|Publication number||US4567548 A|
|Application number||US 06/673,677|
|Publication date||Jan 28, 1986|
|Filing date||Nov 21, 1984|
|Priority date||Dec 2, 1983|
|Also published as||DE3343595A1, DE3343595C2|
|Publication number||06673677, 673677, US 4567548 A, US 4567548A, US-A-4567548, US4567548 A, US4567548A|
|Original Assignee||Peter Schneeberger|
|Export Citation||BiBTeX, EndNote, RefMan|
|Patent Citations (10), Referenced by (69), Classifications (7), Legal Events (3)|
|External Links: USPTO, USPTO Assignment, Espacenet|
The invention relates to a candle-shaped luminary primarily for installation in churches, chapels and other places of worship.
German patent document (DBP) No. 19 58 724 describes a candle-shaped luminary which has a cylindrical pipe generally made of a plastic material whose outer jacket is provided with a wax, stearin or imitation wax coating, which includes a fuel vessel that is transparent, which has the same outer diameter as the cylindrical pipe and can be mounted on the latter.
This candle-shaped luminary is intended to convey the impression that it is a natural candle. At a distance the actual design of the candle-shaped luminary cannot be distinguished from that of a natural candle by the observer. Furthermore, a candle-shaped luminary of this kind is substantially cheaper to manufacture than a normal, large and relatively thick candle.
In the German patent document (DBP) No. 23 02 775, an improved and modified embodiment of the above-described candle-shaped luminary is represented, in which the heat transfer between the actual fuel vessel and the cylindrical body is diminished.
Previously known candle-shaped luminaries, though generally well-suited for their intended purpose, exhibit a drawback resulting from the limited height of the container receiving the fuel. This container being relatively small, thereby necessitates a frequent exchange of the fuel container.
The object of the present invention is therefore to increase the burning time of the candle-shaped luminary and to facilitate the exchangeability of the fuel container. This object is to be accomplished while continuing to maintain the illusion, from a sufficient viewing distance, that prevents the viewers from distinguishing between the finish of the luminary and a natural candle.
To achieve this object, a candle-shaped luminary with a container or can mounted exchangeably inside the luminary to receive the liquid fuel is proposed. The liquid fuel is preferably liquid wax or liquid paraffin. From the upper side of the container protrudes a wick. The candle-shaped luminary comprises an exchangeable vessel that is connected to an upper cover which approximately corresponds to the width of a pipe and abuts seamlessly against or on the upper edge of the pipe after the fuel vessel is inserted. The result is an exact image of the upper front area of a natural candle.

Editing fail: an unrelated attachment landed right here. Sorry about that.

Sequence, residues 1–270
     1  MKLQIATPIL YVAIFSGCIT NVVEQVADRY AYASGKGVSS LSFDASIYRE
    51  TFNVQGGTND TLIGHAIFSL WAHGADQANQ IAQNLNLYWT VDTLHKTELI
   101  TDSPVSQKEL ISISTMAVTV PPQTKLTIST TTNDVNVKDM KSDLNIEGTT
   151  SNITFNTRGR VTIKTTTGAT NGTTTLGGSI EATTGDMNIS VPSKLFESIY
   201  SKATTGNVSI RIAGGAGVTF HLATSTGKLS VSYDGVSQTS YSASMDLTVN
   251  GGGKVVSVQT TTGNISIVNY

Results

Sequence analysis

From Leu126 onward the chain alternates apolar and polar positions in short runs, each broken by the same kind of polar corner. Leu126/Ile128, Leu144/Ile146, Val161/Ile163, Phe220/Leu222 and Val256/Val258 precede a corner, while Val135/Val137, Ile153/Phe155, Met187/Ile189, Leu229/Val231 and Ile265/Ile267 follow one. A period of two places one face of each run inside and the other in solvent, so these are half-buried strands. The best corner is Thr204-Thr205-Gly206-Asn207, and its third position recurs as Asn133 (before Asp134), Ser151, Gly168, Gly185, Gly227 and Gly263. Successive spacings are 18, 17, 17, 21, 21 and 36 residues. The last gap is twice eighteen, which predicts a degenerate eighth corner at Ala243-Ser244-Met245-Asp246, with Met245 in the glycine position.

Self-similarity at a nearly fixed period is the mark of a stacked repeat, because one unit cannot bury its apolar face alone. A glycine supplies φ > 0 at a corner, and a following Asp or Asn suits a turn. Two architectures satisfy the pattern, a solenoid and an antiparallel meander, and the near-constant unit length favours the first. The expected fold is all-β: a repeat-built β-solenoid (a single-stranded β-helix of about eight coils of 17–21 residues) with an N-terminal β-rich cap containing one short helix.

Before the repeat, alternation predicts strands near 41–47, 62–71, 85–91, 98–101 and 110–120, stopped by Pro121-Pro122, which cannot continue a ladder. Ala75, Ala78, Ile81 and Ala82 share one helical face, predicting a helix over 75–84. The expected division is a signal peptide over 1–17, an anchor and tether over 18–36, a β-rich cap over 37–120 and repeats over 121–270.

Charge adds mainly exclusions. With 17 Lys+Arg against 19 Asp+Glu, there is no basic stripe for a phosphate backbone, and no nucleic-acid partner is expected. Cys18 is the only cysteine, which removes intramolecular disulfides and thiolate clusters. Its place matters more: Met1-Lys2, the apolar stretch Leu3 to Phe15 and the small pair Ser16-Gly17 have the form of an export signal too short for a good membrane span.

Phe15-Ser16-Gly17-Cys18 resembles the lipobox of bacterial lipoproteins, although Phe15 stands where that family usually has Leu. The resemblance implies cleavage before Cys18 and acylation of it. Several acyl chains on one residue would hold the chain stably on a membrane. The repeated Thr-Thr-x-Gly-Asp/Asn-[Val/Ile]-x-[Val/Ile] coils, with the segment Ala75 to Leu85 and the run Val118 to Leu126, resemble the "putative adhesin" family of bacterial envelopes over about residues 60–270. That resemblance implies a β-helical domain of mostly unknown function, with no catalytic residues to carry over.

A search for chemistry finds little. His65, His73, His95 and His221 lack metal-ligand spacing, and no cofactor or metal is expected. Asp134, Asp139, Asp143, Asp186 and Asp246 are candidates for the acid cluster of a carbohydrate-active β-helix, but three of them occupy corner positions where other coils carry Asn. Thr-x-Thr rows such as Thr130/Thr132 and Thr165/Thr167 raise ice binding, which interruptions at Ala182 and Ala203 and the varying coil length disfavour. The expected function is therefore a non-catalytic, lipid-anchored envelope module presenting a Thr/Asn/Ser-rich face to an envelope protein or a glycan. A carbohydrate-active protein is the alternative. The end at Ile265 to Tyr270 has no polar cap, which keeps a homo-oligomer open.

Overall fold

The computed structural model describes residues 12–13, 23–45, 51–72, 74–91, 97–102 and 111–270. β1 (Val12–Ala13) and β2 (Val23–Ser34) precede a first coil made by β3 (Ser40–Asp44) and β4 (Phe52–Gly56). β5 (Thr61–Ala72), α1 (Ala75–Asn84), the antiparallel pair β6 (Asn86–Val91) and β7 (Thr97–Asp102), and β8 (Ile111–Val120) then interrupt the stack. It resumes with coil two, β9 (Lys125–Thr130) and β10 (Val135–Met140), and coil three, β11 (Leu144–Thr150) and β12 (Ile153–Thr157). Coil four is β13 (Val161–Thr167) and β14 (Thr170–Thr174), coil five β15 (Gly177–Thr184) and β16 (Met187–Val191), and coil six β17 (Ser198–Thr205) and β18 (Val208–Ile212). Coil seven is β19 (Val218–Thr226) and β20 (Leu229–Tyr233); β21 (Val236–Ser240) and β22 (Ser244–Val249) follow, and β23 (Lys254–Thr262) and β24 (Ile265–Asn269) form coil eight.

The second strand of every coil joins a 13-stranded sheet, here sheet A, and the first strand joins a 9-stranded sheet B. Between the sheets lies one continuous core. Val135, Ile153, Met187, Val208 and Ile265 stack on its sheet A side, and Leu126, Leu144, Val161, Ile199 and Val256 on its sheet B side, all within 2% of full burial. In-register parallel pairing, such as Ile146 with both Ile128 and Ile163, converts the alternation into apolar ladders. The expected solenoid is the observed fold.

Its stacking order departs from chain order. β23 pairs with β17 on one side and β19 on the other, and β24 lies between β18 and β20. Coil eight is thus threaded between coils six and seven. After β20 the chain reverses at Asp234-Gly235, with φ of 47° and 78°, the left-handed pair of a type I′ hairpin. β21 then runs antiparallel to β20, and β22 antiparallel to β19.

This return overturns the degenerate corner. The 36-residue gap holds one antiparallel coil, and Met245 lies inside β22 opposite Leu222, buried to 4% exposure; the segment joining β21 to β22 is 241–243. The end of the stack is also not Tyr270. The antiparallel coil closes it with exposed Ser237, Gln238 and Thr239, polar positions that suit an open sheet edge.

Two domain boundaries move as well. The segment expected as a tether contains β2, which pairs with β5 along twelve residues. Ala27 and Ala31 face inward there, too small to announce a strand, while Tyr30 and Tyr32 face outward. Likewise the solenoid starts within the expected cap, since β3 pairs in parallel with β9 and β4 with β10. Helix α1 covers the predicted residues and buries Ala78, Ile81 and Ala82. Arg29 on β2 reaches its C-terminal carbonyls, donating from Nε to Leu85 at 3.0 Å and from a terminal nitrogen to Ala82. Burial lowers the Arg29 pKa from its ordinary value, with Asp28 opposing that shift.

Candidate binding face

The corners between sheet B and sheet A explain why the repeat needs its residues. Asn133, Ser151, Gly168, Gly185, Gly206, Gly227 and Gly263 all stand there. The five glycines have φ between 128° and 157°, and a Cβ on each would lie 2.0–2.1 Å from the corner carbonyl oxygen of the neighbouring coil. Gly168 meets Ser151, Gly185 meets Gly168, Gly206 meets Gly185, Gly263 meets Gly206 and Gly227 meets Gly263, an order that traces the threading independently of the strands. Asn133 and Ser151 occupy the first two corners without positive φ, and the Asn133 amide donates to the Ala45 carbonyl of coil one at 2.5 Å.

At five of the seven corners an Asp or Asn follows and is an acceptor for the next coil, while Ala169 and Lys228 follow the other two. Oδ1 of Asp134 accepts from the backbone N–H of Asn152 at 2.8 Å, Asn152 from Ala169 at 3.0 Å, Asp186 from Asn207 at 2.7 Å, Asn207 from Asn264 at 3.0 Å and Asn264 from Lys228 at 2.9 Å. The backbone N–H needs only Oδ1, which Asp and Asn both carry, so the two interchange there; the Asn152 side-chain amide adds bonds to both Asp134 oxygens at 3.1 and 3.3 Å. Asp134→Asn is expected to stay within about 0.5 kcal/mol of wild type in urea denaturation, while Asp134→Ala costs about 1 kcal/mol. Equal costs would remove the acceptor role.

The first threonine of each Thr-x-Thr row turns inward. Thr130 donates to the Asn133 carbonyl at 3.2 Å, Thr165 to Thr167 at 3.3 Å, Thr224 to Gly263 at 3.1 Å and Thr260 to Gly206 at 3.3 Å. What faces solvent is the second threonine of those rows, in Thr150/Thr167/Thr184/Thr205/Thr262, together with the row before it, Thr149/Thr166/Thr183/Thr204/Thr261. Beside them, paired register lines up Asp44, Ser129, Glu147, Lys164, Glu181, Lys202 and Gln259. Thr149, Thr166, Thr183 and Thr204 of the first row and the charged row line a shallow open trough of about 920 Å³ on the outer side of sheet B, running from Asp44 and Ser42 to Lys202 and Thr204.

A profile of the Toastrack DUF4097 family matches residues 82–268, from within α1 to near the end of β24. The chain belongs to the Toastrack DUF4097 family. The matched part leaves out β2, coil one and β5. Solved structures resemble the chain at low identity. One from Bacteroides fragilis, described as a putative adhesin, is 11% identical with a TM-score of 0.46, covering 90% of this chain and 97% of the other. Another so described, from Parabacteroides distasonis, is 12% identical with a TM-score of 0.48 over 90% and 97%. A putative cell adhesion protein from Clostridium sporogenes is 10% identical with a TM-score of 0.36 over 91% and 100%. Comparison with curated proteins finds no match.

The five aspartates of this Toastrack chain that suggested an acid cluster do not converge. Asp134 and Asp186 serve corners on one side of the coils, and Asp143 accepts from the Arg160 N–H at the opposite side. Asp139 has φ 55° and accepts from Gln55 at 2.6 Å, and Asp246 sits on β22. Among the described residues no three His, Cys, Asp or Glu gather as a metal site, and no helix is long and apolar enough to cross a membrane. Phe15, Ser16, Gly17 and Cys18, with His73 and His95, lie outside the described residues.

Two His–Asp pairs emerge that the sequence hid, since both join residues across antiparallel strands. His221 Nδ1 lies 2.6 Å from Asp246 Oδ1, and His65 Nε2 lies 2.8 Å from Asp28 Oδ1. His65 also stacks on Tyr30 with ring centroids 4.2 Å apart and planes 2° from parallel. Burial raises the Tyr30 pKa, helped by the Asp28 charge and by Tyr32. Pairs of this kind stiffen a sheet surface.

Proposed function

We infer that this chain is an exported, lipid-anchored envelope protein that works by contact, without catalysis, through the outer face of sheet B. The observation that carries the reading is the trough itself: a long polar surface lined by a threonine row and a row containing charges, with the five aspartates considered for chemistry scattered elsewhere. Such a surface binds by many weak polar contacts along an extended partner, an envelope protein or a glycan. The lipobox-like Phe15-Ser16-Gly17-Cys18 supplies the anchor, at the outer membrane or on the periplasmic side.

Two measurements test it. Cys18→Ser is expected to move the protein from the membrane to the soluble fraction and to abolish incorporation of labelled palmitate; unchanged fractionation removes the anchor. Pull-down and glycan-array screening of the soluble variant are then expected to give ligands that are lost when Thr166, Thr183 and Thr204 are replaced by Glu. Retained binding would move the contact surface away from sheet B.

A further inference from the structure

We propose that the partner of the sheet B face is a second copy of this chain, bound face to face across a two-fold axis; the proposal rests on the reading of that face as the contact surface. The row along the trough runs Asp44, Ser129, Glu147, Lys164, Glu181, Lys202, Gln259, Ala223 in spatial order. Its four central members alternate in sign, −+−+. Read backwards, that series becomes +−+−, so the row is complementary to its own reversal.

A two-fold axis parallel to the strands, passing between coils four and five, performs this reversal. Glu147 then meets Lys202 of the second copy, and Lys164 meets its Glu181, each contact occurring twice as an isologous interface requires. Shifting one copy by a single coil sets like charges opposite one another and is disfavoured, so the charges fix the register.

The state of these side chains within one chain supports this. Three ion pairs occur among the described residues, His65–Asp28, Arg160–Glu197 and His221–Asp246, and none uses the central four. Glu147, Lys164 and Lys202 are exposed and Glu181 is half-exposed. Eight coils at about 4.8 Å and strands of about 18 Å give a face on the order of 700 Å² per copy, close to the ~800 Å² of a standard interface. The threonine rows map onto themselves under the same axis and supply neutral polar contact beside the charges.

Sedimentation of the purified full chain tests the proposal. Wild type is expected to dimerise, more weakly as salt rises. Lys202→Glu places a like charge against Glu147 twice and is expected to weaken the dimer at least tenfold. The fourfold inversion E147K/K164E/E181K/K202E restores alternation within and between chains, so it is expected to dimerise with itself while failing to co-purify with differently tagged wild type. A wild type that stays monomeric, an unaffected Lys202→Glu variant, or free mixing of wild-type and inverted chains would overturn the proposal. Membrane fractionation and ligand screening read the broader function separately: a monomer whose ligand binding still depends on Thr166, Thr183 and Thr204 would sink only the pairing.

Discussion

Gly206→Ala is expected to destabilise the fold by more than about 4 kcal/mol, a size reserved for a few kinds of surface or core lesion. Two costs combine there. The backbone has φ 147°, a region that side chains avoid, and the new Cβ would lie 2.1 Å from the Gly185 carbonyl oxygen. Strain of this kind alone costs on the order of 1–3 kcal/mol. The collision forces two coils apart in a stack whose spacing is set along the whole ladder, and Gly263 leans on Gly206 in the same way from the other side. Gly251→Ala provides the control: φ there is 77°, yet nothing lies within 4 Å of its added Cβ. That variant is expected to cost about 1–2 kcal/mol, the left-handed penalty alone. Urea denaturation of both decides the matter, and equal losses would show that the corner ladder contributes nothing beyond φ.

An important advantage of the invention is that a vessel, of any size, may be filled with a liquid fuel, and with a suitably designed upper cover, can be easily inserted into and removed from the pipe. The luminary will then generate the impression of a natural candle immediately upon insertion of the vessel into the pipe and lighting of the wick.
According to a preferred embodiment of the invention, the upper cover can be made of a translucent material so that the light emanating from the flame will be visible through the cover and the upper edge of the pipe, thereby further enhancing the impression of a burning candle.
The candle-shaped luminary of the present invention is not comparable to the permanent candle of German Utility Model DE GM No. 18 83 839, according to which the upper side of the candle pipe is provided with a lid carrying a guide tube, wherein a candle composition is poured around the pipe and lid. With this permanent candle, the fuel container must be pushed into the pipe from below and brought in agreement with the guide tube in the lid to ensure the entry of the wick inside the guide tube. Using this permanent candle requires that the fuel container be open at the top, at least during insertion into the pipe, a disadvantage in view of the possibility of an outflow or spilling of liquid fuel during insertion.
Other objects and features of the present invention will become apparent from the following detailed description considered in connection with the accompanying drawings. It is to be understood, however, that the drawings are designed as an illustration only and not as a definition of the limits of the invention.
In the drawings, wherein similar reference characters denote similar elements throughout the several views:
FIG. 1 shows a cross-sectional view of a candle-shaped luminary according to the invention;
FIG. 2 shows a top view of the candle-shaped luminary according to the invention;
FIG. 3 shows a cross-sectional view of a further embodiment of the candle-shaped luminary of the invention; and
FIGS. 4 and 5 show cross-sectional views of still other embodiments of the candle-shaped luminary of the invention.
As shown in FIG. 1, the candle-shaped luminary of the invention comprises a cylindrical pipe 1, e.g., made of plastic or alabaster, which can be provided on its outside with a wax coating which imparts to pipe 1 the finish of a candle. The bottom side of pipe 1 is enclosed by a cover in which a tapered hole 19 is centrally provided to allow for mounting of the luminary on a candleholder.